The City of Chicago spends nearly $9 million to paint over gang tags and throw up. But in that process they also destroy countless works of street art that are ignorantly lumped in with gang graffiti.
$9 million seems like an awful lot of money to be spending on graffiti removal, especially when their budget has more than doubled since the program began with $4 million in 1993, and considering that the Chicago Public School system is running a deficit of $370 million, and the Chicago Police Department is chronically understaffed.
So I was interested to read in Bad at Sports this week that Chicago graffiti artist Ray Noland is spearheading the [ASC] Project, short for the Approved Stencil Campaign. [Read my interview with Ray Noland] Noland will, for no charge and with the property owners permission, create a stencil-based artwork on “your old side-door, fence, or brick wall that’s an eyesore.”
Over the past few years my images have become very recognizable on
the streets of Chicago. In not so many words… The street is my voice.
If you are a property owner and love what I do, listen up! I am
launching a new street art campaign just for you. [ASC] Project — Approved
Stencil Campaign is a legal permission wall stencil art campaign
across the city of Chicago. Reaching out to all residential &
commercial property owners in Chicago. Do you have an old side-door,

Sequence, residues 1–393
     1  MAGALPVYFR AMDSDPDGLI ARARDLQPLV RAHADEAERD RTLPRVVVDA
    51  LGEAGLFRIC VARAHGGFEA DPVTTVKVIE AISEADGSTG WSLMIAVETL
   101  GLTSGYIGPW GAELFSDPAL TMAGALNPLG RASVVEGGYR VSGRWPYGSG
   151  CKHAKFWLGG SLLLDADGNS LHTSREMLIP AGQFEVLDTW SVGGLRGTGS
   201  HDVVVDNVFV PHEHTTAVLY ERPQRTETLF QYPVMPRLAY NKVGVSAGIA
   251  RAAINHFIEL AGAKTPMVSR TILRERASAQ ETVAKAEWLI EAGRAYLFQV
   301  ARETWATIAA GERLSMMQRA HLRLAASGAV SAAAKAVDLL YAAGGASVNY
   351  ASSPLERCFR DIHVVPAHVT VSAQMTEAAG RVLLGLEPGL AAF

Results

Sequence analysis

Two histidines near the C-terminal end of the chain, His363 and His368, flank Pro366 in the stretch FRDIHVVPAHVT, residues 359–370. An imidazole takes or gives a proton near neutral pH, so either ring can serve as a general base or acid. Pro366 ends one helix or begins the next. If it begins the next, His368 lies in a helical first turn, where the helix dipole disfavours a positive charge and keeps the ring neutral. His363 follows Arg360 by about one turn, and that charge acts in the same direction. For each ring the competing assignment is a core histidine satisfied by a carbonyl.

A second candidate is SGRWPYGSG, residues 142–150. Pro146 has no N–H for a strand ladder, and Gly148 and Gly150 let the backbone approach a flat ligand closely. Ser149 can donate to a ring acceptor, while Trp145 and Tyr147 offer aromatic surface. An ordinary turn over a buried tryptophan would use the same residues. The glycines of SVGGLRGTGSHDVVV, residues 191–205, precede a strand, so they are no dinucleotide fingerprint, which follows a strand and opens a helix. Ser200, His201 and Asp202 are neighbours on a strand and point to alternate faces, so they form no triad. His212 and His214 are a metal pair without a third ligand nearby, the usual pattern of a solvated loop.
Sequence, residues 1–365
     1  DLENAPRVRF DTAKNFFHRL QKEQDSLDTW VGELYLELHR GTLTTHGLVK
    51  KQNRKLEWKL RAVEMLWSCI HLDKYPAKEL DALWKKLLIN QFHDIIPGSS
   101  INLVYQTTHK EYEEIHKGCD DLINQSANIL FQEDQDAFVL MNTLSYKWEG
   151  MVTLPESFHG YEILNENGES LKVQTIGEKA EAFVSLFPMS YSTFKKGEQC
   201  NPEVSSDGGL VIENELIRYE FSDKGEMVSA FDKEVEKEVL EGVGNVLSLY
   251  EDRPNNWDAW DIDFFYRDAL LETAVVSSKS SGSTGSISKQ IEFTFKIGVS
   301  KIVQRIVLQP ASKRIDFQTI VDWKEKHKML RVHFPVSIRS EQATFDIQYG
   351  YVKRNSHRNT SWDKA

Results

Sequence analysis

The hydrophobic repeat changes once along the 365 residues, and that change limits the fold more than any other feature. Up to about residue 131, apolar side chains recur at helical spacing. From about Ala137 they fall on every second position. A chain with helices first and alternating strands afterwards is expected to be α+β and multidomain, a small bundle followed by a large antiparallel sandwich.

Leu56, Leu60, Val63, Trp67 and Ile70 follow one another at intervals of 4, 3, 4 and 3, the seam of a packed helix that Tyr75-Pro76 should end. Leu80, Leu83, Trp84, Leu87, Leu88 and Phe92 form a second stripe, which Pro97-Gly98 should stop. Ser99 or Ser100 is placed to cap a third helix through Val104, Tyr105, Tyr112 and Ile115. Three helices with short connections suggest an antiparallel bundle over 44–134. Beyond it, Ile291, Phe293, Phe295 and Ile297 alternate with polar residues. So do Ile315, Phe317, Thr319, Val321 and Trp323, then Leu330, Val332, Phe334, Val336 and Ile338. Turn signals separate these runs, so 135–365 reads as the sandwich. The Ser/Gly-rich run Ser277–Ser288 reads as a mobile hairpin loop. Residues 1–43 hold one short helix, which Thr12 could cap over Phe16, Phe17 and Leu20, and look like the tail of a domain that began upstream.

fence or brick wall that’s an eyesore? With your permission the [ASC]
Project will apply a stencil work to the facade of your property at no
cost. [ASC] Project chooses work to display.
For more details: firstname.lastname@example.org
Plans are also in the works to meet with Chicago aldermen to discuss a change in laws to protect street art, as opposed to graffiti. This would be a truly unique opportunity for Chicago to define itself as a haven for art and artists, even on an international stage. Just a few weeks ago the Council of Hackney, a borough of London, decided to remove a large rabbit painted on private property by Belgian street artist ROA.
Chicago could probably get considerable international attention with official approval of the [ASC] Project, since cities all over the world are unsure of how to deal with graffiti art. Chicago aldermen willing to go to bat for this project should make sure to define that they are on the side of art and against the destruction of art; no one wants to be associated with the gang graffiti that truly should be removed.